Imagine this. You wake up the morning of a very important day. Maybe it’s the first day of school or the day of a very important presentation you’re giving. You’ve laid out your clothes the night before and are ready to eat a good breakfast to have energy to be at the top of your game. You get out of bed and stumble into the bathroom to turn on the shower and glance into the mirror. What is that on your eye? A stye.
Helping It Heal
Part of helping your eye heal quickly from a stye is not causing any more trouble. Resist the urge to pop the stye, since that will likely cause the bacteria to spread and cause more problems. Keep your eyes clean and press a warm, wet washcloth on the infected eye at least three times a day for five to ten minutes at a time. This will help open up the stye and encourage it to drain faster. Wash your hands before you go near your eyes, and keep them away from your eyes as much as possible.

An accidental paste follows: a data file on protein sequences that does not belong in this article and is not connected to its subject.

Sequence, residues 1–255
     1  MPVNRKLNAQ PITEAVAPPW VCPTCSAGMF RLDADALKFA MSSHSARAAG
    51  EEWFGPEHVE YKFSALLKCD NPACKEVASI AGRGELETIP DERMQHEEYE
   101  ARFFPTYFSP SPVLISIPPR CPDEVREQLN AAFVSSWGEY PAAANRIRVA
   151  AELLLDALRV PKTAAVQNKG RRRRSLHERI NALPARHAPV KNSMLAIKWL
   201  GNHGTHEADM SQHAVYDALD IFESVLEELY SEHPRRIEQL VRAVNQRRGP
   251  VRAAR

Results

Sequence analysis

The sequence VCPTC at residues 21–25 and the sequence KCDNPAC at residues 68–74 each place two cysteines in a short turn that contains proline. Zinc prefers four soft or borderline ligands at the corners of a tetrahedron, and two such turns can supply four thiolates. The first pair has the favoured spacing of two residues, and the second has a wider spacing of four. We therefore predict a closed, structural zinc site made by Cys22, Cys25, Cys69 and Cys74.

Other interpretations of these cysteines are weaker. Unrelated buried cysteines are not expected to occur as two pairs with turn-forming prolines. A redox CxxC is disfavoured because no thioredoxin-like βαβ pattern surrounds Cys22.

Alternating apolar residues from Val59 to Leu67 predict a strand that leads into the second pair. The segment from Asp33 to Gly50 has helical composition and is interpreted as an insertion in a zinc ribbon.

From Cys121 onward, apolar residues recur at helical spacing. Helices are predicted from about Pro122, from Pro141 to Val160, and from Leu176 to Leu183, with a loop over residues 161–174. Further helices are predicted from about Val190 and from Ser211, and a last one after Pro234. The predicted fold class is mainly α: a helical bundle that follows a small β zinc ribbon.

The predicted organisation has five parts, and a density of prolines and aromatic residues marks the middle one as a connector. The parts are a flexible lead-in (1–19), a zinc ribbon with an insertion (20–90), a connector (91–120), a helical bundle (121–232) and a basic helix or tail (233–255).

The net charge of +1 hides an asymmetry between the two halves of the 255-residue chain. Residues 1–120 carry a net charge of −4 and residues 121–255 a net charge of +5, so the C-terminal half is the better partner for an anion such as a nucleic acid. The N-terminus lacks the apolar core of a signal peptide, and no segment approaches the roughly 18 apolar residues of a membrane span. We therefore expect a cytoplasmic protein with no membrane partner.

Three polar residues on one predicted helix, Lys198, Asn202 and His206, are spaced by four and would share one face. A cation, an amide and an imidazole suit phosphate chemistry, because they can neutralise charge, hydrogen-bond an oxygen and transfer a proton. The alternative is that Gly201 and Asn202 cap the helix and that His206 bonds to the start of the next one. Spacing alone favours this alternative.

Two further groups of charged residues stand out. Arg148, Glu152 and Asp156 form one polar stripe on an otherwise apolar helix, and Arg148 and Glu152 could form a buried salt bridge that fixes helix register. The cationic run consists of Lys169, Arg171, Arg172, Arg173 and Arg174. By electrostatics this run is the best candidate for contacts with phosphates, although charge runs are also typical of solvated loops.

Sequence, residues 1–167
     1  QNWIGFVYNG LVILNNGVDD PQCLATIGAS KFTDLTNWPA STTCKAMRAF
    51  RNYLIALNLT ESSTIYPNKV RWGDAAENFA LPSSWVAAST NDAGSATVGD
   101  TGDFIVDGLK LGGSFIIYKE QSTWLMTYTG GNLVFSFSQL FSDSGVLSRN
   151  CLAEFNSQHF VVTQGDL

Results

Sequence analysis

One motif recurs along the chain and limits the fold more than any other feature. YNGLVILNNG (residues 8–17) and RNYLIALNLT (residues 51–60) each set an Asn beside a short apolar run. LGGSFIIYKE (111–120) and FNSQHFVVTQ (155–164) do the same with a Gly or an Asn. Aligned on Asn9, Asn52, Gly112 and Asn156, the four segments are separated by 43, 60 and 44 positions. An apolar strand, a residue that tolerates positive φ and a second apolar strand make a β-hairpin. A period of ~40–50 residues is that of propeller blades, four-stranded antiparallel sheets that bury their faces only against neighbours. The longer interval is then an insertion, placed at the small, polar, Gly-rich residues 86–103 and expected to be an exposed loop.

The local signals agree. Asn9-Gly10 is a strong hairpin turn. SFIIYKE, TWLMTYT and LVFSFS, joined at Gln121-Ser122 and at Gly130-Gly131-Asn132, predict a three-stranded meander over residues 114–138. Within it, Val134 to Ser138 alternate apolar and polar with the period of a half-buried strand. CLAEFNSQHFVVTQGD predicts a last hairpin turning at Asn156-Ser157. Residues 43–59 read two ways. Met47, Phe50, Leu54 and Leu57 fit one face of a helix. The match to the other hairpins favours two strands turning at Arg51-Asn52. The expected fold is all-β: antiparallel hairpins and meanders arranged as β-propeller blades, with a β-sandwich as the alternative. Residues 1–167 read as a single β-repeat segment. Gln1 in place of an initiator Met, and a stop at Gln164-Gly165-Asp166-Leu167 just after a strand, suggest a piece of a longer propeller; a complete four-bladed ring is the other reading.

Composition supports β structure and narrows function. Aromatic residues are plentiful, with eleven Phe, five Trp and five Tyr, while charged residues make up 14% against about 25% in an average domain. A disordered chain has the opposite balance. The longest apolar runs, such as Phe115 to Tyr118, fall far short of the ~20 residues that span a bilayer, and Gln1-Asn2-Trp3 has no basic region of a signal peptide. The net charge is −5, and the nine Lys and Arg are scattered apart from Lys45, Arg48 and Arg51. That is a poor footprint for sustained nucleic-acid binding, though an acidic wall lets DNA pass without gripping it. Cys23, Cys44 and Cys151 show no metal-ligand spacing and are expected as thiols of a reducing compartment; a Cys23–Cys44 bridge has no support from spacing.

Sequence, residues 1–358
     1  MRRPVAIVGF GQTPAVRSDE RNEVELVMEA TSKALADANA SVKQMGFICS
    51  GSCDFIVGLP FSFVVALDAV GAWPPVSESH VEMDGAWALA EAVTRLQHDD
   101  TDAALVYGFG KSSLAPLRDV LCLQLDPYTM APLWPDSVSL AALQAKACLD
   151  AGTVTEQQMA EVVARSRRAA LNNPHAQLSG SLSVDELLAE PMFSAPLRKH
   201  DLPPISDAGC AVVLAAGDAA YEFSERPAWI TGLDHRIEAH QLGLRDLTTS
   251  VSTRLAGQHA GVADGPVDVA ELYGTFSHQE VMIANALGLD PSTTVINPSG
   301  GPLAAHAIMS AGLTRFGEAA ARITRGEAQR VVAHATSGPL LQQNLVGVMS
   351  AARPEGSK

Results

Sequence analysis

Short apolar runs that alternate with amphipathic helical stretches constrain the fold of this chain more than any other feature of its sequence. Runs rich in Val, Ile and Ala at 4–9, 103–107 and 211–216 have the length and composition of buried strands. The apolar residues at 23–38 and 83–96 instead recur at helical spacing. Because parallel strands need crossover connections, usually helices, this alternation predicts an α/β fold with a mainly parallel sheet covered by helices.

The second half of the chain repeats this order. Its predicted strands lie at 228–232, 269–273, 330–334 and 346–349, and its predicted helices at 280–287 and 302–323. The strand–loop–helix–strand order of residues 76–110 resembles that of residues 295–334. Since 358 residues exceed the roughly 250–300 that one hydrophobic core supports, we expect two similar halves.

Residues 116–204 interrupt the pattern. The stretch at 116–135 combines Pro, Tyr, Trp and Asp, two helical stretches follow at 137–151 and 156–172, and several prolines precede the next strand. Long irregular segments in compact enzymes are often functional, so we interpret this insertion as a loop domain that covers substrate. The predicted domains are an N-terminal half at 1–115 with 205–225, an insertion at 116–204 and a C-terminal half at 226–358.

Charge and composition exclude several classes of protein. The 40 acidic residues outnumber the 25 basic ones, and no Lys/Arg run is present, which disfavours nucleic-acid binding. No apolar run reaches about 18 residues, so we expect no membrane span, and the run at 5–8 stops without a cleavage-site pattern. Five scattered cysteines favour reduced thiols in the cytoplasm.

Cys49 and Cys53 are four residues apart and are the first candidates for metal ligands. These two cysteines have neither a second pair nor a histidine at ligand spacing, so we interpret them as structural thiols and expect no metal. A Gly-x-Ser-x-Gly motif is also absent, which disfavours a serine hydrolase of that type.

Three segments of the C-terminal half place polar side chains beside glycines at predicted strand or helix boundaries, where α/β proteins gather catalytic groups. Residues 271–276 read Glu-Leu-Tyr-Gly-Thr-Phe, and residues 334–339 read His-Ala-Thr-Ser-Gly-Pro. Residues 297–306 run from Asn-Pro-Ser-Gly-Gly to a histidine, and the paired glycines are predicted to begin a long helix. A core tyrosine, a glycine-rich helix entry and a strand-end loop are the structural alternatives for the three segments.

Styes can come from all sorts of small, innocus places. If you’ve blown your nose and then touched your eye later in the day, the bacteria in mucus might find its way into your eye. When in doubt, wash your hands. Money, cell phones, and TV remotes are all breeding grounds for germs, since we rarely think to disinfect them.
Old cosmetics that are past their expiration date or have been loaned to friends can also encourage styes. Mascara, eyeshadow, eyeliner, and brushes that you use to apply cosmetics should be cleaned or disposed of after the date on the package. Many cosmetics have a symbol on them that tell you how long they will last after you open them, so take a look and toss anything that has been lying around for too long.
Prevent styes by keeping your eyes clean and reducing risk of contamination through products or germs on your hands. Change your contact solution daily and disinfect your contacts properly. If you have a stye that is getting worse or is affecting your vision, give us a call at (757) 484-0101 to schedule a consultation.